The Lewa–Borana region made headlines in 2014, with the decision to remove the fence that had formed a boundary between the Lewa and Borana wildlife conservancies. The resulting area is the largest rhino sanctuary in Kenya, a must-visit for rhino fans! Initially known as the Lewa–Borana Wildlife Conservancy, it’s now termed the Lewa–Borana Landscape. Guests can enjoy conservation activities involving the hefty herbivores, as well as heading out on traditional big game safaris via guided game drives and walks.
The Lewa–Borana Landscape is situated in Central Kenya, specifically within Laikipia County. To Laikipia’s south-west lies the famous Great Rift Valley, while Mount Kenya stands majestically to the county’s south-east. Lewa–Borana covers almost 38,000 square kilometres of plains, woodlands, and wetlands.
Lewa Wildlife Conservancy was established in 1983. At that time, it was known as the Ngare Sergoi Rhino Sanctuary. Come June 2013, Lewa became a UNESCO World Heritage Site, in recognition of its outstanding natural beauty and its importance as a wildlife habitat. The Borana region is relatively new to rhino conservation, as the former settler farm welcomed its founding population of 21 individuals in August 2014. With the merging of Lewa and Borana, an immense rhino sanctuary has been formed.
The big five & other wildlife in Lewa-Borana Landscape
The diverse ecosystems within the Lewa–Borana Landscape provide homes for all sorts of wildlife. As well as rhino, big game highlights comprise lion, leopard, elephant, and buffalo – that’s all the Big Five! Another species that has benefited from conservation endeavours is the Grevy’s zebra. Tall, with rounded ears and a slimmer stripe pattern than plains zebra, the Grevy’s is a delight to behold. The area contains over 300 individuals, enjoying the grazing on the plains.
Other predators to watch out for include cheetah and wild dog. And Lewa–Borana also plays host to a group described as the ‘Northern Specialty Species’ – Grevy’s zebra, reticulated giraffe, Somali ostrich, Beisa oryx, and gerenuk. These are fun to find while you’re on vehicle and walking safaris!
The landscape’s birdlife is very impressive as well. With over 350 species to spot, this really is a paradise for keen birders! They include grebes, pelicans, cormorants, herons and egrets, storks, ibises and spoonbills, flamingo, ducks and geese, loads of raptors, quails and francolins, guineafowls, rails, bustards, stilts and avocets, plovers, sandpipers, doves and pigeons… remember to pack the binoculars!
Activities in Lewa-Borana landscape
A great range of things to do is available in the Lewa–Borana Landscape. In the list below, we indicate which camps and lodges are particularly good for any activity.
Expertly guided game drives- These tend to take place during early morning and late afternoon into evening. The safari vehicles can cover a lot of ground, making for lots of sightings of the landscape’s wildlife!
Walking safaris- Also led by knowledgeable and experienced guides, walks in Lewa–Borana aim to showcase the smaller lives of this vast landscape as experienced at Kifaru House. You’ll come to know more than you thought possible about the plants, insects, and birdlife.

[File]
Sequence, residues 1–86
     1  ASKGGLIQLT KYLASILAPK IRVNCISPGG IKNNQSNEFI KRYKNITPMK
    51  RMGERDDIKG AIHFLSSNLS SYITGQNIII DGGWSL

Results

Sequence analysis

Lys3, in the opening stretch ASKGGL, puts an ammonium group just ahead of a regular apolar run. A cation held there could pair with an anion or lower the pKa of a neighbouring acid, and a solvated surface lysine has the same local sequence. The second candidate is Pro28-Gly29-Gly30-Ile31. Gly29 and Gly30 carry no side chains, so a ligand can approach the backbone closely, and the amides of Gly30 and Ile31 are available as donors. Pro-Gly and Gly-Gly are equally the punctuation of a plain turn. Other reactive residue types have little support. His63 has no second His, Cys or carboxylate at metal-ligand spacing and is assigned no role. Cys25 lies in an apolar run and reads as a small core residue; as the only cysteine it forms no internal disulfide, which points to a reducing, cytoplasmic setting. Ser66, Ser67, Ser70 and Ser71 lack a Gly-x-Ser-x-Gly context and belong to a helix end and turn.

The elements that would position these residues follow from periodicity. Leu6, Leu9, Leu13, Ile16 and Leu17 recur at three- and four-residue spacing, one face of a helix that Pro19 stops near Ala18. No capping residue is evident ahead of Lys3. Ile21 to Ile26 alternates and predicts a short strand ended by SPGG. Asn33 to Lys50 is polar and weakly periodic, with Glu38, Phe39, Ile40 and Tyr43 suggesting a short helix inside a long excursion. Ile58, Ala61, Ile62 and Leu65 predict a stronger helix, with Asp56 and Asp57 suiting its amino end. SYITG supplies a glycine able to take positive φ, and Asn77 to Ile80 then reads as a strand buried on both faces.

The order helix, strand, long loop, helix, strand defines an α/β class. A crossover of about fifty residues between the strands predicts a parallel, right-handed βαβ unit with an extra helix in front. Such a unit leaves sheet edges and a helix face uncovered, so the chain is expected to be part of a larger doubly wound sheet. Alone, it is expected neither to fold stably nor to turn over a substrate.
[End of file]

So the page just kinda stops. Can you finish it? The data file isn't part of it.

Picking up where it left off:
Horse safaris- See it all from the saddle at Borana Lodge & Lewa Wilderness, with this slightly different take on the classic safari experience! You’ll be able to get in amongst the landscape’s plains herds, for thrillingly close encounters.
Camel safaris- This activity consists of strolling through Lewa–Borana and adjacent Maasai community conservation areas in the company of camels can be experienced at Lewa Wilderness.
Cultural experiences- These include excursions as offered by Sirikoi Lodge into local villages to interact with the people and find out all about their ways of life. You can also take a trip to a local school.
Conservation activities- There are loads of opportunities to go behind the scenes in Lewa–Borana and participate in some of the landscape’s commendable conservation work. At Lewa Safari Camp for example, you could observe a tracker dog demonstration, learn about security operations, visit the elephant underpass, and take part in a health outreach programme.
Time of year to travel
The best months to visit Lewa–Borana are July through to October. This is Kenya’s dry season, when water sources dwindle and species gather in impressive concentrations around the scarce supplies. January to March is a good period to visit, as is June. November and December witness the early rains, while April and May see the main rains. Visiting during wet weather can be risky – wildlife is more difficult to spot in fully grown grasses, animals are widely dispersed throughout the area, and some properties (such as Lewa Wilderness) actually close in November. However, the rains do result in beautifully lush scenery!
Top travel tips
- If you’re looking for the perfect balance of fantastic wildlife and a diverse range of activities, the Lewa–Borana Landscape is the ideal spot and home to one of Kenya’s most successful conservation stories!
- This landscape offers some of the best lodge-based riding safaris in Kenya and it’s an area that has something for everyone, appealing to all ages.
- And every year at the end of June, the landscape sets the stage for the Safaricom Marathon, an event that raises funds for the ever-important conservation initiatives involved in saving Kenya’s wildlife. It’s a great opportunity for anyone seeking a physical challenge alongside a superb safari!
Get in touch with our Kenya travel experts to find out more about planning your tailor-made safari holiday.